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‘MiniFlame’ Malware Another Link Between Flame, Gauss Espionage Attacks

Researchers at Kaspersky Lab say a tool first thought to be a module of the Flame malware is actually an independent piece of malware in its own right.

Researchers at Kaspersky Lab say a tool first thought to be a module of the Flame malware is actually an independent piece of malware in its own right.

Kaspersky Lab is calling the interoperable tool ‘miniFlame’. Designed to steal data and control compromised computers in the name of espionage, the malware was first discovered by Kaspersky Lab in July. During a more in-depth analysis of Flame’s command and control (C&C) in September however, they discovered the tool was not a module after all. Instead it actually could be used both as an independent malicious program or a plug-in for both Flame and Gauss – a fact the company said further proves there was cooperation between the creators of those two programs.

The discovery is the latest twist in the story of Flame and Gauss, espionage tools discovered by security pros earlier this year. Both pieces of malware had numerous commonalities, including similar achitectural platforms, module structures, code bases and communication methods with command and control servers. Flame, along with Stuxnet, is believed by many to have been part of a state-sponsored cyber-operation by the United States and Israel. 

According to Kaspersky Lab, miniFlame – called SPE in the code of Flame’s original C&C servers – is based on the same architectural platform as Flame and operates as a backdoor designed for data theft and direct access to infected computers. In addition, it is also capable of taking screenshots of victims’ computers while the computer is using a Web browser, Adobe Reader, Microsoft Office, an instant messenger or FTP client.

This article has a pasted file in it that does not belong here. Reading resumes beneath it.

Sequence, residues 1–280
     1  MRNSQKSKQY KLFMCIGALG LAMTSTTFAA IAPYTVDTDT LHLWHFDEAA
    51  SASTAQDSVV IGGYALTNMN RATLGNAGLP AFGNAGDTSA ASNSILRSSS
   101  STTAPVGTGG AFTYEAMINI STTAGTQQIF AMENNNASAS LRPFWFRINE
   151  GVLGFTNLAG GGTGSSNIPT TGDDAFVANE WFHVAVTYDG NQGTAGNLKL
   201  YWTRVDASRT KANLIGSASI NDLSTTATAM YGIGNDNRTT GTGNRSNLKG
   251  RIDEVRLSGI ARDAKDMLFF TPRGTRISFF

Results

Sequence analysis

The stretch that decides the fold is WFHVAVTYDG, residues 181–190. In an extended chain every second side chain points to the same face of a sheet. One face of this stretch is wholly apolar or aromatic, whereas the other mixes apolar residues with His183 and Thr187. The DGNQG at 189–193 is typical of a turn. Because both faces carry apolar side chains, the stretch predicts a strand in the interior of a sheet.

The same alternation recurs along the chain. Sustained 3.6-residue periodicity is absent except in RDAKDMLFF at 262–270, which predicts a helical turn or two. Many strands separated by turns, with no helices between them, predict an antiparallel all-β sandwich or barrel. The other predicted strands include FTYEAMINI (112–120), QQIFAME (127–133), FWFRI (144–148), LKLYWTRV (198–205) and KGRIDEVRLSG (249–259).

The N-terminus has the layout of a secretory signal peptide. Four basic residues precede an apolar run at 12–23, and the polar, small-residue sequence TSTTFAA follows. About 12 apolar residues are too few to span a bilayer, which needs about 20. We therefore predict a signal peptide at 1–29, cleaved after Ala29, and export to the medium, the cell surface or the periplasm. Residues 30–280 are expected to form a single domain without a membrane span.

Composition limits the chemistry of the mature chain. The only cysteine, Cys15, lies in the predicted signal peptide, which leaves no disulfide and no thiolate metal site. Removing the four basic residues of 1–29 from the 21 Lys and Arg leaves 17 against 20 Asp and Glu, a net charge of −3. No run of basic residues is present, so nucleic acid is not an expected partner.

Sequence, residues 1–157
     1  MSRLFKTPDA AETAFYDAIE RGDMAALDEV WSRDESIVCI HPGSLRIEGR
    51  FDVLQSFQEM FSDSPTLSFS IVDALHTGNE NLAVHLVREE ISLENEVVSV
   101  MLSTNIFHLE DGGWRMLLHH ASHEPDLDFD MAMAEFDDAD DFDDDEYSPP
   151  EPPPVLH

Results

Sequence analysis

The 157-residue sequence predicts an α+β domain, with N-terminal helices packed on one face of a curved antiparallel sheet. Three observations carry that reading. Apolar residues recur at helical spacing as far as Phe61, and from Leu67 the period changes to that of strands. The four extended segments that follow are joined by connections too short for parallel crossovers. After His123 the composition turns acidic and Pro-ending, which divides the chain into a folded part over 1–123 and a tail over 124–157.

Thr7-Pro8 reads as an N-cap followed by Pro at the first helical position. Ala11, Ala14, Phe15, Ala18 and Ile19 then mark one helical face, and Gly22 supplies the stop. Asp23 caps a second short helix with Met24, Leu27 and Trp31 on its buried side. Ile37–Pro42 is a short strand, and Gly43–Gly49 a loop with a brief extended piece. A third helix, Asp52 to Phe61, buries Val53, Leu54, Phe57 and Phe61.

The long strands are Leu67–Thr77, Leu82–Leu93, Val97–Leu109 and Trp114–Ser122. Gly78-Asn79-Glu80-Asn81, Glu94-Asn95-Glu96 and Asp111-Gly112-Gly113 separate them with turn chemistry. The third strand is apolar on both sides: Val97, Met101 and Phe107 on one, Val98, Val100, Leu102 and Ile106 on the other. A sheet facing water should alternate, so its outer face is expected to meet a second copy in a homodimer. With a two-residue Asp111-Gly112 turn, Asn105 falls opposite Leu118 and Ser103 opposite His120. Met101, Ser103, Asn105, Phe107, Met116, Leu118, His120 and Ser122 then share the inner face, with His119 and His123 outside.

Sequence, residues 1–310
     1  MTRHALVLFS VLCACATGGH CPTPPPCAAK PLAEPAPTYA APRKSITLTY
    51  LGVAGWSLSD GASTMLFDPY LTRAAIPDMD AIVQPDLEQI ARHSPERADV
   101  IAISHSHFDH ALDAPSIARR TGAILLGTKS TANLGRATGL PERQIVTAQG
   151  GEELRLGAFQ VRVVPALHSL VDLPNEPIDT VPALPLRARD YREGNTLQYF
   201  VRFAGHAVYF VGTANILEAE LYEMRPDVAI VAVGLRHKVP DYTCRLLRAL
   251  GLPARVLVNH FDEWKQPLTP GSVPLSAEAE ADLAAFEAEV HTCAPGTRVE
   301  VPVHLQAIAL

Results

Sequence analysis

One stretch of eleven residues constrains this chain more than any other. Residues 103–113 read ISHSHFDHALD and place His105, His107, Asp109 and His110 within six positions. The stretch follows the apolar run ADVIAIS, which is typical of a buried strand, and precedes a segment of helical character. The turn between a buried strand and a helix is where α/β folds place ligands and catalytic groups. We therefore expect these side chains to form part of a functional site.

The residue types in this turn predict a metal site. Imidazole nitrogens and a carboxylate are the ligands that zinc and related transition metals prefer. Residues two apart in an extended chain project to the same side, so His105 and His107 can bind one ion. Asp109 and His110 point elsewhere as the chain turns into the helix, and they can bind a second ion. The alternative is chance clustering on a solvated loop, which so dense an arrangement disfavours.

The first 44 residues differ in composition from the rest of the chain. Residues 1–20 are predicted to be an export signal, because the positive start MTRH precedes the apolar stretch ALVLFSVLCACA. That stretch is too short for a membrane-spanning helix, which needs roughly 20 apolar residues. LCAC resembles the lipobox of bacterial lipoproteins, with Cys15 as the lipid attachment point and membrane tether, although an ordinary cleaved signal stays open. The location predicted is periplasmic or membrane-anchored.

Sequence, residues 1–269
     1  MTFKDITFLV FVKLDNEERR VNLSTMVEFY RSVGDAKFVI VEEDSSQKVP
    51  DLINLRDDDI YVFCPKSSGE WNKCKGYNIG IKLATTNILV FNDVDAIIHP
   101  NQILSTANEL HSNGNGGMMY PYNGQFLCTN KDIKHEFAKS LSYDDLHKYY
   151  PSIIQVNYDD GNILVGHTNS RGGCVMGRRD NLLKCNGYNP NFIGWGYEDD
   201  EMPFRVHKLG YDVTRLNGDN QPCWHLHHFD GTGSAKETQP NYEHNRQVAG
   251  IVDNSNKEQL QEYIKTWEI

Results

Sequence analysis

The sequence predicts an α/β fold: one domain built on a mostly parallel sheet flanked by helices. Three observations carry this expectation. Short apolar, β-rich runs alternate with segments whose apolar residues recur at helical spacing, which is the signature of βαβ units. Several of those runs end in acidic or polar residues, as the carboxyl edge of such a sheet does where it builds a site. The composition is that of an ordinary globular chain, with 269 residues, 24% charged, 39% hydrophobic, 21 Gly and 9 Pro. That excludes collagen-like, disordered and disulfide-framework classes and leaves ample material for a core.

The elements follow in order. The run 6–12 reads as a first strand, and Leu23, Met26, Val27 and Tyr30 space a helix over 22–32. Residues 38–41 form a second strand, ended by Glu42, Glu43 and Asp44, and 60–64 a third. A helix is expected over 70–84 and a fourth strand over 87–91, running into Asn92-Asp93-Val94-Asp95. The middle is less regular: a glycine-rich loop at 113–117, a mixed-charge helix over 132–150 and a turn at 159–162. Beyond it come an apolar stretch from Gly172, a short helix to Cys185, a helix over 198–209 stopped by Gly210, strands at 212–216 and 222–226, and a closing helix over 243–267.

The tool uploads the stolen data by connecting to its C&C server. An additional data-stealing module can be sent to an infected system to target USB devices and use them to store data collected from machines.

Development of miniFlame is believed to have started as early as 2007. Several versions of miniFlame were created between 2010 and 2011, with some still active in the wild today, according to the company.

The original infection vector of miniFlame has not been determined by Kaspersky Lab. However, unlike Flame or Gauss, which had high number of infections, the amount of infections for miniFlame is small – about 50-60 machines worldwide.

“miniFlame is a high precision attack tool,” said Alexander Gostev, chief security expert, Kaspersky Lab, in a statement. “Most likely it is a targeted cyberweapon used in what can be defined as the second wave of a cyberattack.”

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“First, Flame or Gauss are used to infect as many victims as possible to collect large quantities of information,” he continued. “After data is collected and reviewed, a potentially interesting victim is defined and identified, and miniFlame is installed in order to conduct more in-depth surveillance and cyber-espionage. The discovery of miniFlame also gives us additional evidence of the cooperation between the creators of the most notable malicious programs used for cyber warfare operations: Stuxnet, Duqu, Flame and Gauss.”

 A detailed analysis of miniFlame can be found here.

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